In-app purchases seem to be everywhere these days, but very few people actually buy them.
Amazon says just 3% of mobile users buy in-app purchases, according to developer data provided to the online retail giant.
Speaking to TrustedReviews, Aaron Rubenson, Director of the Amazon Appstore, said: “For developers that have gone the premium route, what they tell us is that it’s typically a couple of per cent, 2-3% that will spend any money inside their apps.”
He continued: “The vast majority of customers – 97%-ish – don’t, and just use the free portions of the experience.”
Rubenson told us that customers are getting “frustrated with that model”, adding: “Just when things get good, it seems like you’re being asked to pay."
In-app purchases, or IAPs, have been a consistent pain point for customers, with many mobile developers heavily integrating monetisation into their games.
It’s such a problem that both Amazon and Apple offer dedicated areas where customers can purchase IAP-free apps.
“It’s hard as a developer to be viable, to make enough money to cover your cost of development. So that’s a problem,” explained Rubenson. “Developers need to make money somehow, but it’s not the best experience.”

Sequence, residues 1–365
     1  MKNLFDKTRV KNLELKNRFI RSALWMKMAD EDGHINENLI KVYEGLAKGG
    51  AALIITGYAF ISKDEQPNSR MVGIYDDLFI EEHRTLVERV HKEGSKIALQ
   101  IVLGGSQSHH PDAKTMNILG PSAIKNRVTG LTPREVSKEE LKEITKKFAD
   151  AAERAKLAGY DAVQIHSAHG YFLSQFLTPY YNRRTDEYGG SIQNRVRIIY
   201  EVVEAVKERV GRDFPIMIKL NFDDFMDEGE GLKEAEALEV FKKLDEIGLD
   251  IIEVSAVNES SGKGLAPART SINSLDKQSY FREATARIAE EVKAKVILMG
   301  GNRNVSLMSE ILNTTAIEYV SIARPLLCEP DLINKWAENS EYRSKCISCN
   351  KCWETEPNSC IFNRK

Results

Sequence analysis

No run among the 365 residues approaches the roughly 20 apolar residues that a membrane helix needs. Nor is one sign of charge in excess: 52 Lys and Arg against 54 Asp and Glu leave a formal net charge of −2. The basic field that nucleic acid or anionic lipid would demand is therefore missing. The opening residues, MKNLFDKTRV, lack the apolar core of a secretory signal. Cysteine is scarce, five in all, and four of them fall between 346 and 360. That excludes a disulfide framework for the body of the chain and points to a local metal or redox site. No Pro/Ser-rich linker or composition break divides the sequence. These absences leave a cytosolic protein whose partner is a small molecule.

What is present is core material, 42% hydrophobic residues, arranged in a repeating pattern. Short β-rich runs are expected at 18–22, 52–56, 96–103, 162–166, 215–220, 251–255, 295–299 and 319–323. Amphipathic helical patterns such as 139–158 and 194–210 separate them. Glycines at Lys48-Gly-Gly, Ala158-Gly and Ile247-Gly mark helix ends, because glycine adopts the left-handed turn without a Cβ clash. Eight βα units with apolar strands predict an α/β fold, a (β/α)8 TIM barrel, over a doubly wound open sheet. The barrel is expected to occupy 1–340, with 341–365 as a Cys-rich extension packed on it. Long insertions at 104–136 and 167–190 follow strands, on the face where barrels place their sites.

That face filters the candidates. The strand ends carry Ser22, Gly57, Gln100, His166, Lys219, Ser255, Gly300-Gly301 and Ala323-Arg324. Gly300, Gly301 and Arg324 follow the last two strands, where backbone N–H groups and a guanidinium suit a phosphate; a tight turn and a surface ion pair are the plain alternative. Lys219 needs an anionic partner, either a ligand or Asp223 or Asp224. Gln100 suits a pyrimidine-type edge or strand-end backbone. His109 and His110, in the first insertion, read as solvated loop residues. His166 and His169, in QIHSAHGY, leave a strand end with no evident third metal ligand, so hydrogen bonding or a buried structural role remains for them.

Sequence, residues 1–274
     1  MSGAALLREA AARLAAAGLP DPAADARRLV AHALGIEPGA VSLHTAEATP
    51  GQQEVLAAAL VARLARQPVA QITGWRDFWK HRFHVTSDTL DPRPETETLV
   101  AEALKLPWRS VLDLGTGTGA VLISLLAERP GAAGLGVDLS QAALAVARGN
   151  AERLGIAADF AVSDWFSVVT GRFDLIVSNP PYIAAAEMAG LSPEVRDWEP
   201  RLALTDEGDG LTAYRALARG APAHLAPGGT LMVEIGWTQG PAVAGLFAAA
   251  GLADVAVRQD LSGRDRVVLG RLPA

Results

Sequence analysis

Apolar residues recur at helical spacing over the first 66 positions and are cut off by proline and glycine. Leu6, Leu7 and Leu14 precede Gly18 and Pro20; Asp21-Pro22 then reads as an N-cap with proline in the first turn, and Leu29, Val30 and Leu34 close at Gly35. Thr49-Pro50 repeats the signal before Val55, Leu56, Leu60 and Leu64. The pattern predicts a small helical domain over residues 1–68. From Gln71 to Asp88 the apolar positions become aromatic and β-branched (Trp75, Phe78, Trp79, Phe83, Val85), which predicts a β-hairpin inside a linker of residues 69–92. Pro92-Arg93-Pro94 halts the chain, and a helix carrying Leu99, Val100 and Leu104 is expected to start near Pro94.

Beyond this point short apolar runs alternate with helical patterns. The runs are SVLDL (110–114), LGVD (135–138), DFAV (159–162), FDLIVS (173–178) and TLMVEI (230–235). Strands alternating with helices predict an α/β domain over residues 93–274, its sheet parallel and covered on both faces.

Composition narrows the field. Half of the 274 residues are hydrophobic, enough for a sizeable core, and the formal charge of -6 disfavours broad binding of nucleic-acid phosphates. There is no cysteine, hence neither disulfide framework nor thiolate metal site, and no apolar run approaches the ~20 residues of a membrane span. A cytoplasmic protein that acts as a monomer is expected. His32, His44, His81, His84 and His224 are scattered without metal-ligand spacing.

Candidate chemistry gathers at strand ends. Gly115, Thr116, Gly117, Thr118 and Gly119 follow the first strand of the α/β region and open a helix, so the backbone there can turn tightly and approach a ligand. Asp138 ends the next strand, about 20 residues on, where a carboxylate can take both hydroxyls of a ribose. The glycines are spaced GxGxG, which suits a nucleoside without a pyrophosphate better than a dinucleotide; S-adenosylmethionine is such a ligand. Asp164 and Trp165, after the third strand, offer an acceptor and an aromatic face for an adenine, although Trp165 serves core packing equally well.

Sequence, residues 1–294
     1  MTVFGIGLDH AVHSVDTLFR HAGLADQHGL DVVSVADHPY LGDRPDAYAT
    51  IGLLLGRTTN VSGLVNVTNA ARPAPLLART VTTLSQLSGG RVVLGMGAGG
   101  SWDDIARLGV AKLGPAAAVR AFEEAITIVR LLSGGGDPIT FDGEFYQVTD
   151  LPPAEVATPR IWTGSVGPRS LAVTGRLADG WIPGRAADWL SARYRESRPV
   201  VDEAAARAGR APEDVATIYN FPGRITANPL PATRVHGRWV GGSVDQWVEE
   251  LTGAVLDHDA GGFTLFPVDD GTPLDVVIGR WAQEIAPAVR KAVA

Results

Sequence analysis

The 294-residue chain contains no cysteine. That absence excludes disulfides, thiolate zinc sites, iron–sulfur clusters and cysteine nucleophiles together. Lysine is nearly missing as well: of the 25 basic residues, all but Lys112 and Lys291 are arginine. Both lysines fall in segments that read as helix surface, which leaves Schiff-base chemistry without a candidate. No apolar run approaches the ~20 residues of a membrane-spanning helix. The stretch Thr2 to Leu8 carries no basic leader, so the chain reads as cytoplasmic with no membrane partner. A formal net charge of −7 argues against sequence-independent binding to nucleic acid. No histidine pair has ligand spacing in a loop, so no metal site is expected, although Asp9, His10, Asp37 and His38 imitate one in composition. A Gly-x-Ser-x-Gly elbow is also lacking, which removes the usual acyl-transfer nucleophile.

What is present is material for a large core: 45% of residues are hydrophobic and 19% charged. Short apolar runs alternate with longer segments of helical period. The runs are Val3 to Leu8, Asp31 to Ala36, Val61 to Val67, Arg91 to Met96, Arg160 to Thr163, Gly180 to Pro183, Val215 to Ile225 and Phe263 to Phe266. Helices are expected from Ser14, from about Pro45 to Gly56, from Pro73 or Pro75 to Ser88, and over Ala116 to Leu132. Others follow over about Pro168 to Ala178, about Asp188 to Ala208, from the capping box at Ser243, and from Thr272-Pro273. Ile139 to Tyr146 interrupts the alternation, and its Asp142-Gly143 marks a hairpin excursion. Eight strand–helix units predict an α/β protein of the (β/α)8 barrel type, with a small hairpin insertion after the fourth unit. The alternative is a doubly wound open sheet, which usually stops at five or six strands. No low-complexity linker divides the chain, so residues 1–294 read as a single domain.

The Amazon Appstore lead told us that while a lot of developers would “prefer to charge money upfront”, they believe that “relatively few customers are going to…spend money upfront”.
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In an effort to appease IAP-fearing customers, Amazon recently launched the Amazon Underground app store.
All apps available to download from Underground are completely free at the point of purchase.
What’s more, none of the apps contain any IAPs, thanks to a deal struck with developers – including Angry Birds creator Rovio – to make in-game downloadables/upgradeables free.
As part of the deal, Amazon pays developers an unknown amount based on the amount of time any user spends on the app.
Do you love or hate in-app purchases? Let us know in the comments.